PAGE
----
Pot food stamp bill killed
A bill that would have prohibited welfare recipients from using public assistance cash cards at marijuana stores and strip clubs died in a legislative committee on Jan. 15.
The bill's sponsor, Sen. Vicki Marble, R-Fort Collins, argued unsuccessfully that allowing electronic benefit transfer cards — which act as debit cards for people on public assistance — to be used at ATMs that are inside pot shops and adult entertainment places begs for federal prosecutorial intervention.
But Democrats on the Senate's State, Veterans and Military Affairs Committee cited testimony from bill opponents who said the bill was unnecessary and addresses a problem that doesn't exist.
The bill died in the Democrat-led committee, following a 3-2 party line vote.
Marble told committee members that federal law requires that the state take measures to prevent public assistance recipients from using their EBT cards inside places like liquor stores, gambling establishments and adult entertainment businesses.
As for use inside pot shops, Marble said that voters supported 2012's Amendment 64 - which legalized pot sales in Colorado - with the intention of pot being regulated the same way as alcohol. The federal government frowns on EBT cards being used inside places that sell booze.
Without regulation addressing this issue, Marble - who was a member of last year's Amendment 64 Legislative Task Force - said that pot shop owners could end up getting a visit from a federal agent.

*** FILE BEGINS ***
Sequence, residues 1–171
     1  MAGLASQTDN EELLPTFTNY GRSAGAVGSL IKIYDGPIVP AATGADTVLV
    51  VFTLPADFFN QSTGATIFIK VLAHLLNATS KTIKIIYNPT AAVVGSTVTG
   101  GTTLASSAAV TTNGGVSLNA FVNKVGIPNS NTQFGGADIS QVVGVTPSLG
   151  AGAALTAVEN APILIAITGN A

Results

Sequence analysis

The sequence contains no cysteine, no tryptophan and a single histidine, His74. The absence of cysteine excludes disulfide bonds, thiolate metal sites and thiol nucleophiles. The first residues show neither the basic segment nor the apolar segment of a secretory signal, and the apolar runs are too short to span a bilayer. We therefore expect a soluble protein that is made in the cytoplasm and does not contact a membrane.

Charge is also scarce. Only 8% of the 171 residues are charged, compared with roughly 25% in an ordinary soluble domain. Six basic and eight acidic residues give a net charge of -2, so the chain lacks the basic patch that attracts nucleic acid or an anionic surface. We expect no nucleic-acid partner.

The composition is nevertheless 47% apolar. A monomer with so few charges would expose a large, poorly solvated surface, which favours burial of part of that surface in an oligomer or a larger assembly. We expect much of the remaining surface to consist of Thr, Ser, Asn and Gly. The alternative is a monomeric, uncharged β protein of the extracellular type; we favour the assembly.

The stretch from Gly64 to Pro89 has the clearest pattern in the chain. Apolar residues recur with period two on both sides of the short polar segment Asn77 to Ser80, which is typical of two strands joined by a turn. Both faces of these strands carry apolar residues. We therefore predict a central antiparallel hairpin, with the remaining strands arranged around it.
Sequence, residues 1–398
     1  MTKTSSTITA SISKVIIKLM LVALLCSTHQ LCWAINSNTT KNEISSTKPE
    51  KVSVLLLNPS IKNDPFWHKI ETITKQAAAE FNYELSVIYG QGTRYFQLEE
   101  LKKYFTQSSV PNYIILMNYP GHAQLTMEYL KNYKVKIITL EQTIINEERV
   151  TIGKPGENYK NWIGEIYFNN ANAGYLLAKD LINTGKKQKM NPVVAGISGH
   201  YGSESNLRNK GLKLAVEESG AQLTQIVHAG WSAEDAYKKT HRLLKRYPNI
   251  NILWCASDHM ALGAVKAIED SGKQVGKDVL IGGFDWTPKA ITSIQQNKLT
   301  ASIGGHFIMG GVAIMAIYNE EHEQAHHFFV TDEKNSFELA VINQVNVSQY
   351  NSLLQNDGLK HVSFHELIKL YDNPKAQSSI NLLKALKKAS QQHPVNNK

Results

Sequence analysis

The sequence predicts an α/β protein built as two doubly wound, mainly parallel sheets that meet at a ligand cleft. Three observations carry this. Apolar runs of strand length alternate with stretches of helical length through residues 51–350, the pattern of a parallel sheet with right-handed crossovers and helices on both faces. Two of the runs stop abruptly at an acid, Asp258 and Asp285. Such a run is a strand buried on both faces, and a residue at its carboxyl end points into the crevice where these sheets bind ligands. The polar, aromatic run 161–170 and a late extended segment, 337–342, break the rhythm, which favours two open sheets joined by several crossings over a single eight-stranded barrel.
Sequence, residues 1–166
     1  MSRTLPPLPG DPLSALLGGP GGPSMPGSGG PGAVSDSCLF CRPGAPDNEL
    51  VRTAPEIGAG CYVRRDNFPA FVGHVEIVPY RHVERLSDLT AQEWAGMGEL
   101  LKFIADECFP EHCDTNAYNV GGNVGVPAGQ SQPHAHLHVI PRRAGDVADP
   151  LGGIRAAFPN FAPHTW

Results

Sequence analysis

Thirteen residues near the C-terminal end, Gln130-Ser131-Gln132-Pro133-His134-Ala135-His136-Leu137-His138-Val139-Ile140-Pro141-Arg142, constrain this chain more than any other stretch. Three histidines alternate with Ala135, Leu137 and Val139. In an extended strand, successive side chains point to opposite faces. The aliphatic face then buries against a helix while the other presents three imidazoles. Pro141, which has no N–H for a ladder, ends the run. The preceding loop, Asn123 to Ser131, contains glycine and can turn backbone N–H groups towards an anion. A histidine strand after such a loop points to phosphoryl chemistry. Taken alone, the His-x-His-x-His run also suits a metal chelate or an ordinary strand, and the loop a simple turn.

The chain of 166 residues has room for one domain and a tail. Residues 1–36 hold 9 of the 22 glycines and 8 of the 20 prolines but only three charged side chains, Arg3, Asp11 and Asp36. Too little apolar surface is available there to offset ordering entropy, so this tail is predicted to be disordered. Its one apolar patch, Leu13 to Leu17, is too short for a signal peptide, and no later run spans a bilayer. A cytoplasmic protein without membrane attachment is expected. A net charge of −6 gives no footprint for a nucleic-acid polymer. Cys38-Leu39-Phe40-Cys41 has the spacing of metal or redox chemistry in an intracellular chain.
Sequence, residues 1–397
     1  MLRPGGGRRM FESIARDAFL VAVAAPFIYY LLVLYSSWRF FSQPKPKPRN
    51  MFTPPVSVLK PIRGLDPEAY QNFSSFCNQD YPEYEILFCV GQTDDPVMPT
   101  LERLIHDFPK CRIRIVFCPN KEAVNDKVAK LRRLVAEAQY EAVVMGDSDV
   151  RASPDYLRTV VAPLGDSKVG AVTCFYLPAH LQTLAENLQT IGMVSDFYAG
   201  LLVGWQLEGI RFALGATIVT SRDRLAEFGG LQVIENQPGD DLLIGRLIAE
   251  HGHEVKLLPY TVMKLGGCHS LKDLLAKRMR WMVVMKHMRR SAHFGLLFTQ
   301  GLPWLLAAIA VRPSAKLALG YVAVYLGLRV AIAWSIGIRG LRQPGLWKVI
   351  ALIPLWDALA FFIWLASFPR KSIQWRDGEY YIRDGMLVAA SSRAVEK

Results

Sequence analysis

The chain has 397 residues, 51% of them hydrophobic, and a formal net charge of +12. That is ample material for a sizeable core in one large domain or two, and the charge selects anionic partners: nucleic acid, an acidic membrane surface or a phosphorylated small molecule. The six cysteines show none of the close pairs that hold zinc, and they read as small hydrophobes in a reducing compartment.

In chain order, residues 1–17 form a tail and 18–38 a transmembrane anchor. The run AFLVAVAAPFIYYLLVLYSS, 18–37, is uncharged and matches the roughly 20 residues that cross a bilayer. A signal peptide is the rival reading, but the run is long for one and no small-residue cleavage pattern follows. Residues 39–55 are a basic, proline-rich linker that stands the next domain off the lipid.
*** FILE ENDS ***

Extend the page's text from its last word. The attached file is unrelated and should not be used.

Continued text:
"I have a feeling we're going to be seeing trouble that we're not ready to deal with," Marble said, referring to federal cash seizures at pot stores. "We're setting these newly established marijuana stores up to fail."
Sen. Bernie Herpin, R-Colorado Springs, supported Marble's effort, saying that he doesn't believe that public funds should be used to access marijuana.
"I just don't understand - people who are using their food stamp money to buy marijuana - why we should be making it easier for them," he said.
But bill opponents and Democratic committee members said those fears are overblown.
"I'm not aware of widespread misuse," said Terry Scanlon of the Center for Children's Law and Policy. "This is an unnecessary burden to put on the beneficiaries."
Other arguments against the bill had to do with lack of ATM access for public assistance recipients. Sen. Irene Aguilar, D-Denver, said that she believes the federal government's intent is to ensure that public assistance recipients have access to ATMs, before the state does anything to restrict their use.
Democratic senators shared narratives about elderly and disabled persons having to go out of their way to find ATMs. In some cases, the closest neighborhood cash dispensaries are found inside liquor stores, or pot shops, they said.
Those persons are not using public assistance to buy pot; they're just trying to get cash to get on the bus, bill opponents said.
"If you've ever known anyone who has been on cash assistance, like I have, it's not something you abuse," said Sen. Jessie Ulibarri, D-Commerce City.